On the burning issue, of “leadership” in Nigeria, which so many commentators have bemoaned as one of our major problems, Ekweremadu came to the rescue with his book “Who Will Love My Country: Ideas for Building the Country of Our Dream.” In the book, he admitted, up front, that for personal, professional reasons, he loves Nigeria and will forever love her. The book, in the words of Ibrahim Gambari, “sets high standards of behaviour on the part of leadership, elite and citizens of this country, which demands concrete actions on the part of stakeholders.” It is a 14 chapter book that x-rayed almost all issues that have to do with governance and politics of Nigeria from changing the culture of government to cooperation between leaders and citizens. In the book, Ekweremadu canvassed for the building of the Nigeria of our dream that will enable us love  her above our individual selves and narrow interests.

The man Ekweremadu has made contributions in various forums; making robust arguments on how to positively influence foreign partners on African democracies. His arguments have always centred on bettering the fortunes of the common man, especially, in Nigeria. At the fourth Public Service Lecture of the University of Ibadan Alumni Association held this year, with the theme “Federalism and the Legal Framework for Combating Corruption in Nigeria,” Ekweremadu made a case for the Nigerian workers whose salaries are no longer able to take them to the next bus stop and at the same time are expected to be corruption free. He noted that the reward system that pegs minimum wage at N18, 000 for civil servants, while state governors rake in as much as N2 billion as bogus security vote is antithetical to Nigeria’s corruption campaign. According him, when a man who earns N18, 000 cannot buy a bag of rice, how then can he take care of his family? Does it make sense to him if you tell him not to find alternative means of catering for the needs of his family? As much as he was not encouraging corruption, he was just stating the obvious, which is the need to increase the wages of the Nigerian worker to meet with the realities of our time.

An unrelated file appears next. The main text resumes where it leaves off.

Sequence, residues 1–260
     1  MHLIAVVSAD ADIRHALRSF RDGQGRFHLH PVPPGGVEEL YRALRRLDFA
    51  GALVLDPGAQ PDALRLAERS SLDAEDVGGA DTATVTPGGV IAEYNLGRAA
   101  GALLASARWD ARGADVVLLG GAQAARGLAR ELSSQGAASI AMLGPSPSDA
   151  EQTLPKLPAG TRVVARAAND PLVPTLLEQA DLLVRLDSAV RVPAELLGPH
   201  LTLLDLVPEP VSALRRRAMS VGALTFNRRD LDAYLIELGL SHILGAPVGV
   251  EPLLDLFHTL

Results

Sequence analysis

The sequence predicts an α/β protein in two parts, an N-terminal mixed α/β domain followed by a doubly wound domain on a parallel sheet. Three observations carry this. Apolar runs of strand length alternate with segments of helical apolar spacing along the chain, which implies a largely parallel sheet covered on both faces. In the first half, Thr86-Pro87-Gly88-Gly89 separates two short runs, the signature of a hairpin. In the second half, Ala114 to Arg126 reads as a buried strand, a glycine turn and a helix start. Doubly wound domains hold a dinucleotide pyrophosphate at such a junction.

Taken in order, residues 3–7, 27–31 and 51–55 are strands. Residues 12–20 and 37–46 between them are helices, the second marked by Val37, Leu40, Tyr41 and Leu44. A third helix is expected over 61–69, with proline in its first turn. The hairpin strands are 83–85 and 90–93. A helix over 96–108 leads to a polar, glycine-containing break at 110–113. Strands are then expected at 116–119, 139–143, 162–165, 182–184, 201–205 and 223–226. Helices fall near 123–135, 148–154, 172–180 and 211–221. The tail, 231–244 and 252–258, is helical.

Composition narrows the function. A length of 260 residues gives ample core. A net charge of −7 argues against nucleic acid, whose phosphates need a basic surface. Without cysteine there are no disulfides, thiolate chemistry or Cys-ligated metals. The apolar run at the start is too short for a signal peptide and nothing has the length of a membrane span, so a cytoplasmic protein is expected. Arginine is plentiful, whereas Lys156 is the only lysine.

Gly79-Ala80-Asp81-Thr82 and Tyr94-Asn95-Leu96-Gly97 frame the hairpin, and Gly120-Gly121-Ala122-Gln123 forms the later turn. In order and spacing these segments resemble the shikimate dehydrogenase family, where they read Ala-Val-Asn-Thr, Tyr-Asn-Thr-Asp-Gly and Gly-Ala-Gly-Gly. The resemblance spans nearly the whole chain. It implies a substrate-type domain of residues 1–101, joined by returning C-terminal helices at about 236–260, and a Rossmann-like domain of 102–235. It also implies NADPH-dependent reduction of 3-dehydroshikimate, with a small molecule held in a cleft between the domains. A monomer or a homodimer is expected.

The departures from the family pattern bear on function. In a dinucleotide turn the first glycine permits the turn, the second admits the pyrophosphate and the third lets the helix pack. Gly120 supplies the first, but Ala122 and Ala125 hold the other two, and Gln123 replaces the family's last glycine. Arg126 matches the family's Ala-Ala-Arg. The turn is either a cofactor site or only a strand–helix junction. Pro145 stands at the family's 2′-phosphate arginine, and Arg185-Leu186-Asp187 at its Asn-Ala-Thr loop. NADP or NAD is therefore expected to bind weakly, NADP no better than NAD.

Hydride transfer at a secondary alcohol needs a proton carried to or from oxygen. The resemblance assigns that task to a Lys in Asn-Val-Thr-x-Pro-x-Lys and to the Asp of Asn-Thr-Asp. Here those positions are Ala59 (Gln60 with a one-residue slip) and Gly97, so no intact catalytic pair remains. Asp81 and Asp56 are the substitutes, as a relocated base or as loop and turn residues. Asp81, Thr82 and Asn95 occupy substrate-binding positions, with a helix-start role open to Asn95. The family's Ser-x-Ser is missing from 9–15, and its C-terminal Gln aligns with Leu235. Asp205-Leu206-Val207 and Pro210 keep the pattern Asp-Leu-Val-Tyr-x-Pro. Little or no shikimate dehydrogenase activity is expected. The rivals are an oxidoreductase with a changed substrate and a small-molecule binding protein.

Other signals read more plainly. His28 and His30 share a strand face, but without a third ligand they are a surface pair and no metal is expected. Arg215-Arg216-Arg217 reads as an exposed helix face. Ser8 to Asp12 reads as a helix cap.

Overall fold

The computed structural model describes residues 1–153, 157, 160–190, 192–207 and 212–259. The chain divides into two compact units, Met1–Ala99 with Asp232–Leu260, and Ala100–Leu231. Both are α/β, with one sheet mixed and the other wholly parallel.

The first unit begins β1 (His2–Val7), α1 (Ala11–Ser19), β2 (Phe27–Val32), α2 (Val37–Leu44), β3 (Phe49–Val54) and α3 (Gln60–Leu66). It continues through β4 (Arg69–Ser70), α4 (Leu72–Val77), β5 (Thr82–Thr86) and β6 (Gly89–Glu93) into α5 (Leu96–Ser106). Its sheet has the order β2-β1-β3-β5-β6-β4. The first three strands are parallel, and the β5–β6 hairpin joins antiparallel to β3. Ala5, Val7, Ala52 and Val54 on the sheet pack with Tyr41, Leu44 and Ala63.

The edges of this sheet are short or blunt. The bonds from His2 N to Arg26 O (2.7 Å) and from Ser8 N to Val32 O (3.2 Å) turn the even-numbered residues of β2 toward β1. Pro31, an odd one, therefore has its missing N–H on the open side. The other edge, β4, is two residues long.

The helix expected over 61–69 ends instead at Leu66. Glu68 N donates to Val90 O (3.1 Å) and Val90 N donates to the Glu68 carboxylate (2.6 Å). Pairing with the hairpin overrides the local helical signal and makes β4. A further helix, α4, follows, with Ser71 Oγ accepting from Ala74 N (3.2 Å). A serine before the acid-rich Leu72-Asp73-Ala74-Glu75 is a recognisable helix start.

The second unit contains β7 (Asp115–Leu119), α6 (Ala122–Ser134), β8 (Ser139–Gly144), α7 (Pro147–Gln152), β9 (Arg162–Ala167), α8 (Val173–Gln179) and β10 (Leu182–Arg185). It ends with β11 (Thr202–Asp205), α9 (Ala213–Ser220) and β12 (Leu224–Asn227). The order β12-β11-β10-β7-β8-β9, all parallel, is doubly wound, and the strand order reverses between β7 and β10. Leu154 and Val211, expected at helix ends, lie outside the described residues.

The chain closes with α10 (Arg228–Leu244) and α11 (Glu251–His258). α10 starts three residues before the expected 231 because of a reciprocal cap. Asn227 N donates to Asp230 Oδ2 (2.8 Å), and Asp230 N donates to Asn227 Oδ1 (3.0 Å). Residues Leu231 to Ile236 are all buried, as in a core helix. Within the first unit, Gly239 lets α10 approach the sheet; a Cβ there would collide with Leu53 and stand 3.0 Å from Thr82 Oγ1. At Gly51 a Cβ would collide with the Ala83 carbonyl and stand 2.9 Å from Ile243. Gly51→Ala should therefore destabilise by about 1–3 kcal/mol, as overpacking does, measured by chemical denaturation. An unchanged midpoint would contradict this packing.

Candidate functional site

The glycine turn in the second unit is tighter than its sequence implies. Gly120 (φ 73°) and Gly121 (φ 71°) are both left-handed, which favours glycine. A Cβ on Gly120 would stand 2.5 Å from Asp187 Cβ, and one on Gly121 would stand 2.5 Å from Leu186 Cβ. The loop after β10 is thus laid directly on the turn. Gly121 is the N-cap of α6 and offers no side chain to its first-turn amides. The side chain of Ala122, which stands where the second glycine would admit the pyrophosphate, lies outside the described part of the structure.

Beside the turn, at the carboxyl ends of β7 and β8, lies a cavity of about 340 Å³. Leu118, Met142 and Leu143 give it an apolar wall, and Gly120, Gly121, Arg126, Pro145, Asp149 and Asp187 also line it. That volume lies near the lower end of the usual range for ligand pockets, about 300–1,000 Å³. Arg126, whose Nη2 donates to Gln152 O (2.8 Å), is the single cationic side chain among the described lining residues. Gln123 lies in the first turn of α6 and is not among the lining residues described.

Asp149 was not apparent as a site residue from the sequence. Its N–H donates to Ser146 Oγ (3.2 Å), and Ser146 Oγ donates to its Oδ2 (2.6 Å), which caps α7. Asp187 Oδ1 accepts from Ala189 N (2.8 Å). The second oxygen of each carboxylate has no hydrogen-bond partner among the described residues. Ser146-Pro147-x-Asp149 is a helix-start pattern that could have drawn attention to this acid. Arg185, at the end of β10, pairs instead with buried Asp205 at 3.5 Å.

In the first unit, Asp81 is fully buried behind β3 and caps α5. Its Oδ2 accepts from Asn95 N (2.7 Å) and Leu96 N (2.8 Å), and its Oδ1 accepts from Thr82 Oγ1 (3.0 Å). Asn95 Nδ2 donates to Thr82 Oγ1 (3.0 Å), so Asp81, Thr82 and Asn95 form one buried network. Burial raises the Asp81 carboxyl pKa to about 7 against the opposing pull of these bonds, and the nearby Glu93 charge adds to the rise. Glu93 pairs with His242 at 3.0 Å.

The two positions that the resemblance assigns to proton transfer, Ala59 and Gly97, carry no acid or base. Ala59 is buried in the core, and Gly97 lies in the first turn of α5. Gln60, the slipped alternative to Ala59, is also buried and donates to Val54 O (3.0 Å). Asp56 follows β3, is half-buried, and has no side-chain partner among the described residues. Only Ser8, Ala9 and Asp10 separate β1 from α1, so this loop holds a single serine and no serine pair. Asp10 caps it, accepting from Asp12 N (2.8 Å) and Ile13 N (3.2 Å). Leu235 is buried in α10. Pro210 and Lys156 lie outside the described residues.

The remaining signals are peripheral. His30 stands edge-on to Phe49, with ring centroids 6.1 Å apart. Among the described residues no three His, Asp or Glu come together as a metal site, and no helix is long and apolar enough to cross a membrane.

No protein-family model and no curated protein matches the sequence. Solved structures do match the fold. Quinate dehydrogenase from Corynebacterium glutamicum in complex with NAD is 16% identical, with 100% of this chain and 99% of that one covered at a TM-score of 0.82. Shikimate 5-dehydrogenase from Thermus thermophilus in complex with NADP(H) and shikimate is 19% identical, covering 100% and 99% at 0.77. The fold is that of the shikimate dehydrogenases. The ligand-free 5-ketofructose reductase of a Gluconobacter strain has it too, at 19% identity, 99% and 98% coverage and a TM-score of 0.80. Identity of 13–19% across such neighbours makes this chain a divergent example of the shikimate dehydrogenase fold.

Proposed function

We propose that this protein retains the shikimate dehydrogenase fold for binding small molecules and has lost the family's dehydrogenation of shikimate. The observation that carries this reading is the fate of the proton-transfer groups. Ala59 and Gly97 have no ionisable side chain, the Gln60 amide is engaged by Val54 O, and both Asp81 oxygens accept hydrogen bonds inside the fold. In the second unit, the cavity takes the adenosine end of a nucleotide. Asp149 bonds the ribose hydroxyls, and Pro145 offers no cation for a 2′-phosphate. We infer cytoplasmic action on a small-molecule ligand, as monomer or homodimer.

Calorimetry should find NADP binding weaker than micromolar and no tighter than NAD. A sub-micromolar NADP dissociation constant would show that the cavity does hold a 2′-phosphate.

Aside his political thoughts, which are too numerous to capture, the lawmaker has shown leadership both at the Senate and in the state: A three time deputy president of the Senate and a stabilising factor in the Senate and a leader per excellence, who has cooperated with his state Governor Ifeanyi Ugwuanyi, to engineer enduring peace and friendship in Enugu State.

Undoubtedly, Ekweremadu has also exhibited steadfastness of a party man who is not a bread and butter politician who moves from one party to the other because bread seems to be buttered in the other party. He is of the Peoples Democratic Party (PDP) and has remained there. That’s the mark of a politician with ideology.

Mgboh, Public affairs analyst wrote from Enugu.